Crikey Clarifier: data retention — what it is and why it’s bad
With the Australian government “actively considering” data retention, and Australian Security Intelligence Organisation chief David Irvine telling a Senate committee that it is crucial to intelligence-gathering and that Australians have nothing to fear from it, it’s time for a clarifier on exactly what data retention is and the concerns it raises.
What is data retention?
The compulsory retention of information about a citizen’s telecommunications and online usage, either by telcos and internet service providers themselves or by a government agency, so that law enforcement and intelligence agencies can use it to investigate crime and national security threats.
What sort of data?
Depends. The European Union scheme (now ruled illegal) was limited to telecommunications metadata — whom you called and when, duration of call, location, and the account linked to a particular IP address. The previous Australian government cited the EU model as what it had in mind when it invited a parliamentary inquiry into the idea in 2012. However, some individual countries (like Denmark) went further than the EU directive and included web browsing history. Most Australian agencies officially only want metadata, not content data (like browsing history and email contents), but some agencies and police forces want the lot. Some things, like email subject lines, could arguably be either metadata or content data. The definition of what data will be subject to a data retention regime is thus crucial.
What would it cost?
In evidence to the Joint Committee on Intelligence and Security that considered the issue in 2012, iiNet said it might cost $5 a month for every customer to store data. That, in effect, is a $60 a year surveillance tax on every household. iiNet has recently significantly increased its estimate of the likely cost to $130 a year. Remember, both companies and government agencies will not merely need to store this data, but ensure it is stored safely — the vast trove of personal data that data retention will produce will be immensely attractive to criminals (and online activists looking to demonstrate how unsafe it is — in 2012, Anonymous hackers released customer data obtained from AAPT to protest the then-government’s data retention proposal).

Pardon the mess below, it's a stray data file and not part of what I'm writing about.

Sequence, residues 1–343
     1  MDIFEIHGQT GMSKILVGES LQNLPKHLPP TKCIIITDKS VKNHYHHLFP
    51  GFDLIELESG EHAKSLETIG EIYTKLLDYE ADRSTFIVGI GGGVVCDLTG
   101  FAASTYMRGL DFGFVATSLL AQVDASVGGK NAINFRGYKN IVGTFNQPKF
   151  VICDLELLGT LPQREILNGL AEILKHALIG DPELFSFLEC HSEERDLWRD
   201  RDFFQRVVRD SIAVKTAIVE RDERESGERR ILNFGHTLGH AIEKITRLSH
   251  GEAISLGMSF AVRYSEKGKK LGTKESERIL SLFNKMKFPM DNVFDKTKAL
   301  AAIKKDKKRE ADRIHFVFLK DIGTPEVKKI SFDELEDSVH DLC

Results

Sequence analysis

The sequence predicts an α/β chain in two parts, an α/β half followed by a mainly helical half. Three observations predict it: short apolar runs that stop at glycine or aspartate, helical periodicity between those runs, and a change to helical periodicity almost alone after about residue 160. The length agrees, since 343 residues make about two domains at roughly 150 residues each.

What happens currently?
Traditionally, telcos have retained phone records because that was how they billed you. But there is decreasing need for specific call-based billing as consumers move to data-based plans. Moreover, companies have no need for metadata beyond the billing cycle, and given there’s a cost to storing such data, they are keeping less of it for the sort of time periods agencies prefer — usually two years. Law enforcement and intelligence agencies call this “going dark” — losing access to phone information of the kind they’ve had for decades.
So what’s the problem — isn’t this just maintaining the status quo?
No. Let’s just focus on phone data. Your mobile phone data includes your location as your phone interacts with nearby phone towers, so in effect it can be used as a tracking device. But more importantly, forget that “it’s just metadata” (or “just billing data”, as the Prime Minister said). A single phone call time and duration won’t tell anyone much about you. But in aggregate, metadata will reveal far more about you than content data.
With automated data-sifting software, agencies can accumulate a record of everyone you have called, everyone they have called, how long you spoke for, the order of the calls, and where you were when you made the call, to build a profile that says far more about you than any solitary overheard phone call or email. It can reveal not just straightforward details such as your friends and acquaintances, but also if you have medical issues, your financial interests, what you’re buying, if you’re having an affair or ended a relationship. Combined with other publicly available information, having a full set of metadata on an individual will tell you far more than much of their content data ever will.
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